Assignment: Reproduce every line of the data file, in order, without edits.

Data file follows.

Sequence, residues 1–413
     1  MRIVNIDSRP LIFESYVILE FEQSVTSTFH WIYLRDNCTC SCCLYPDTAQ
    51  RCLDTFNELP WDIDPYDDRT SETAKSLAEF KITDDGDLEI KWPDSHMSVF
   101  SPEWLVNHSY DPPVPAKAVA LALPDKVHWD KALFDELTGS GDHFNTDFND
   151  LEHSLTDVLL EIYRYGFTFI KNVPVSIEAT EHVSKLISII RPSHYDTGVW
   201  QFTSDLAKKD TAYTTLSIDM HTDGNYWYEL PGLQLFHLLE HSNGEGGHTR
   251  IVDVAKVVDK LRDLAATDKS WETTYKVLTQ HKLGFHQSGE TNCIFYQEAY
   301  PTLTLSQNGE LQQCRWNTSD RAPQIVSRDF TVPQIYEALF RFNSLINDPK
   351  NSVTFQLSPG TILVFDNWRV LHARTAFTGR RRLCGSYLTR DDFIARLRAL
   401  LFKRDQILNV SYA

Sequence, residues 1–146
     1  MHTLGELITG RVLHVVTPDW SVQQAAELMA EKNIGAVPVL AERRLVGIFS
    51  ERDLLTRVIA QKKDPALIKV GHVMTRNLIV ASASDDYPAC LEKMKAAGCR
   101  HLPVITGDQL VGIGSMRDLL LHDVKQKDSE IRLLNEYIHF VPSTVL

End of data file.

Sequence, residues 1–413
     1  MRIVNIDSRP LIFESYVILE FEQSVTSTFH WIYLRDNCTC SCCLYPDTAQ
    51  RCLDTFNELP WDIDPYDDRT SETAKSLAEF KITDDGDLEI KWPDSHMSVF
   101  SPEWLVNHSY DPPVPAKAVA LALPDKVHWD KALFDELTGS GDHFNTDFND
   151  LEHSLTDVLL EIYRYGFTFI KNVPVSIEAT EHVSKLISII RPSHYDTGVW
   201  QFTSDLAKKD TAYTTLSIDM HTDGNYWYEL PGLQLFHLLE HSNGEGGHTR
   251  IVDVAKVVDK LRDLAATDKS WETTYKVLTQ HKLGFHQSGE TNCIFYQEAY
   301  PTLTLSQNGE LQQCRWNTSD RAPQIVSRDF TVPQIYEALF RFNSLINDPK
   351  NSVTFQLSPG TILVFDNWRV LHARTAFTGR RRLCGSYLTR DDFIARLRAL
   401  LFKRDQILNV SYA

Sequence, residues 1–146
     1  MHTLGELITG RVLHVVTPDW SVQQAAELMA EKNIGAVPVL AERRLVGIFS
    51  ERDLLTRVIA QKKDPALIKV GHVMTRNLIV ASASDDYPAC LEKMKAAGCR
   101  HLPVITGDQL VGIGSMRDLL LHDVKQKDSE IRLLNEYIHF VPSTVL